Carbohydrate counting11111

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  • The red spike shows the normal effect of carbohydrates on blood sugar levels. You can see that all other components of food have less dramatic spikes.
  • Carbohydrates include all starches and sugars. Examples of starches are bread, rice, potatoes, pasta, corn, peas and beans. Carbohydrates in the form of sugar are found in fruit, milk, regular sodas, (not diet sodas), candy, lemonade, and fruit juice. In addition, carbohydrates are found in a lot of mixed dished or combinations foods like pizza and spaghetti.
  • Carbohydrates include all starches and sugars. Examples of starches are bread, rice, potatoes, pasta, corn, peas and beans. Carbohydrates in the form of sugar are found in fruit, milk, regular sodas, (not diet sodas), candy, lemonade, and fruit juice. In addition, carbohydrates are found in a lot of mixed dished or combinations foods like pizza and spaghetti.
  • Carbohydrates include all starches and sugars. Examples of starches are bread, rice, potatoes, pasta, corn, peas and beans. Carbohydrates in the form of sugar are found in fruit, milk, regular sodas, (not diet sodas), candy, lemonade, and fruit juice. In addition, carbohydrates are found in a lot of mixed dished or combinations foods like pizza and spaghetti.
  • Fiber is a carbohydrate that does not enter the blood stream and therefore does not affect blood sugar levels. It stays in the gut and helps slow the digestion of other carbohydrates. You can subtract the fiber from the total grams of carbohydrate in the food. Sugar alcohols are also carbohydrates that are manufactured to resemble sugar in taste but are not completely absorbed. Half of sugar alcohols pass through your body unabsorbed. You can subtract half the sugar alcohols from the total carbohydrate. Glycerine or glycerol also counts as a carbohydrate but does not affect blood sugar. It is similar to carbohydrate in its calorie count, but not on its effect on blood sugar.
  • Various types of carbohydrate have slightly difference effects on your blood glucose levels due to what they’re made of, how they’re processed, whether or not they’ve been cooked, and whether you eat them alone or with a meal. If your blood glucose is high before you eat, your blood glucose may increase less than it would if your blood glucose was low before a meal. It’s often difficult to predict how different carbohydrate foods affect your blood glucose because there are so many variables. Some people, however, can identify certain carbohydrate foods that have more or less effect on their blood glucose levels than others (known as the glycemic effect of foods)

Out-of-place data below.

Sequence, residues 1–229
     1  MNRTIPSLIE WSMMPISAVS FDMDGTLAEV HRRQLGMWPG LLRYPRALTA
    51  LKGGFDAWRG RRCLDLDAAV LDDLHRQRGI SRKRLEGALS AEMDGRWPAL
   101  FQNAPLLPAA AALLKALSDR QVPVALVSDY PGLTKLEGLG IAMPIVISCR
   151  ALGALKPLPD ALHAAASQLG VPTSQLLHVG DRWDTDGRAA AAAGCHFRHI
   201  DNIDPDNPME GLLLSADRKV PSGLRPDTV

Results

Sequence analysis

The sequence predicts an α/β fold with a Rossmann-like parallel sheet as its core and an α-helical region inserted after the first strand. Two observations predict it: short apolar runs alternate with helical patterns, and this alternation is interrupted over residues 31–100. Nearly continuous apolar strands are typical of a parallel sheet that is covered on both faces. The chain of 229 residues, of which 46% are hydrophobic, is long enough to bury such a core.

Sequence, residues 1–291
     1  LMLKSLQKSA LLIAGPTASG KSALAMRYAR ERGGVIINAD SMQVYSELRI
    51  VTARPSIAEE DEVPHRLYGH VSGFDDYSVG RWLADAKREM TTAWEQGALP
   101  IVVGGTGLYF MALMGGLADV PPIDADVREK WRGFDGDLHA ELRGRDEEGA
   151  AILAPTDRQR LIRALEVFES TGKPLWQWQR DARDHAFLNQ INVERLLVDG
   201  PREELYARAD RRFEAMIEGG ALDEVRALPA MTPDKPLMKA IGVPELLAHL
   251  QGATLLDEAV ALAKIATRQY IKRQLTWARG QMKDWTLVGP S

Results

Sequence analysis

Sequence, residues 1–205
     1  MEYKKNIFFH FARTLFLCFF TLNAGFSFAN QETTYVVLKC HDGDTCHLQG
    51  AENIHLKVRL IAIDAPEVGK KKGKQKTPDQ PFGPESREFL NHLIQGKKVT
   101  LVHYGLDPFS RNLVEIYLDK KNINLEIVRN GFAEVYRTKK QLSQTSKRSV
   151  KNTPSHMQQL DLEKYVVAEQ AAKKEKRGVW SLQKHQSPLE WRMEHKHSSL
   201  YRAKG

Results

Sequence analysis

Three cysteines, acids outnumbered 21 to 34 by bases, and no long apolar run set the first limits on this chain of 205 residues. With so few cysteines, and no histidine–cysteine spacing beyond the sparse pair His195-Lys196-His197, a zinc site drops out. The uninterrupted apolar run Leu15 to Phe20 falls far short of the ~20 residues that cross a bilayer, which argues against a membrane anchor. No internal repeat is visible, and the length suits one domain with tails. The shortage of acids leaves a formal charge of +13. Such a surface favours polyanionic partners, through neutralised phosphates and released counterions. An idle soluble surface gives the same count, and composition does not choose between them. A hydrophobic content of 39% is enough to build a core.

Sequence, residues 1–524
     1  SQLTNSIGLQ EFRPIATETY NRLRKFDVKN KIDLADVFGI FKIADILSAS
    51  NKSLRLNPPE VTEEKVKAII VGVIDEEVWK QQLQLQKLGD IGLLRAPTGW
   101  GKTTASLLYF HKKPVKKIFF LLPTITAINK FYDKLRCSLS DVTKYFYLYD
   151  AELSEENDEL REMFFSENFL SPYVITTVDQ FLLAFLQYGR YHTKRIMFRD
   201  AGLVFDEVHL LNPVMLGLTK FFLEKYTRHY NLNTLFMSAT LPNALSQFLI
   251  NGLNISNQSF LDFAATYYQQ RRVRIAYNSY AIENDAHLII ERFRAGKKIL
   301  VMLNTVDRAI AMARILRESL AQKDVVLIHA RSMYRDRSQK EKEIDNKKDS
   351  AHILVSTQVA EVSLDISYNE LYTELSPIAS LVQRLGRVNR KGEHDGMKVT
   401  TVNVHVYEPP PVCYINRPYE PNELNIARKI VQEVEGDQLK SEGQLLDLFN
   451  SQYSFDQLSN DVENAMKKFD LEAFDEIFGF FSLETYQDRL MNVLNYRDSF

• Various types of carbohydrate have slightly difference effects on your blood glucose levels due to what they’re made of, how they’re processed, whether or not they’ve been cooked, and whether you eat them alone or with a meal. If your blood glucose is high before you eat, your blood glucose may increase less than it would if your blood glucose was low before a meal. It’s often difficult to predict how different carbohydrate foods affect your blood glucose because there are so many variables. Some people, however, can identify certain carbohydrate foods that have more or less effect on their blood glucose levels than others (known as the glycemic effect of foods)
  • Various types of carbohydrate have slightly difference effects on your blood glucose levels due to what they’re made of, how they’re processed, whether or not they’ve been cooked, and whether you eat them alone or with a meal. If your blood glucose is high before you eat, your blood glucose may increase less than it would if your blood glucose was low before a meal. It’s often difficult to predict how different carbohydrate foods affect your blood glucose because there are so many variables. Some people, however, can identify certain carbohydrate foods that have more or less effect on their blood glucose levels than others (known as the glycemic effect of foods)
  • Years ago we thought that sugars and starches had definite differences in their effect on blood glucose. Now, we have more knowledge of the effects of carbohydrate on blood glucose. Numerous research studies have shown that sugars and starches have very similar effects. Therefore, sugar is not forbidden for people with diabetes. Knowing the total carbohydrate in a food is more important than knowing how much sugar it contains. For most people, 30 grams of carbohydrate will affect their blood glucose the same, regardless of whether it is 2 slices of bread or 1 cup of ice-cream, or a small frosted brownie.
  • You can count carbs in any number of ways.
  • If you have a Food Exchange booklet, you can use the average values for carbohydrate listed - 15 grams for most portion sizes listed.
  • The Nutrition Facts label is the most reliable resource for carbohydrate information. It includes two things you need to know to do carbohydrate counting – the Serving Size and the Total Carbohydrate. The amount of carbohydrate you are eating is calculated by multiplying the serving size by the total carbohydrate.
  • The Nutrition Facts label is the most reliable resource for carbohydrate information. It includes two things you need to know to do carbohydrate counting – the Serving Size and the Total Carbohydrate. The amount of carbohydrate you are eating is calculated by multiplying the serving size by the total carbohydrate.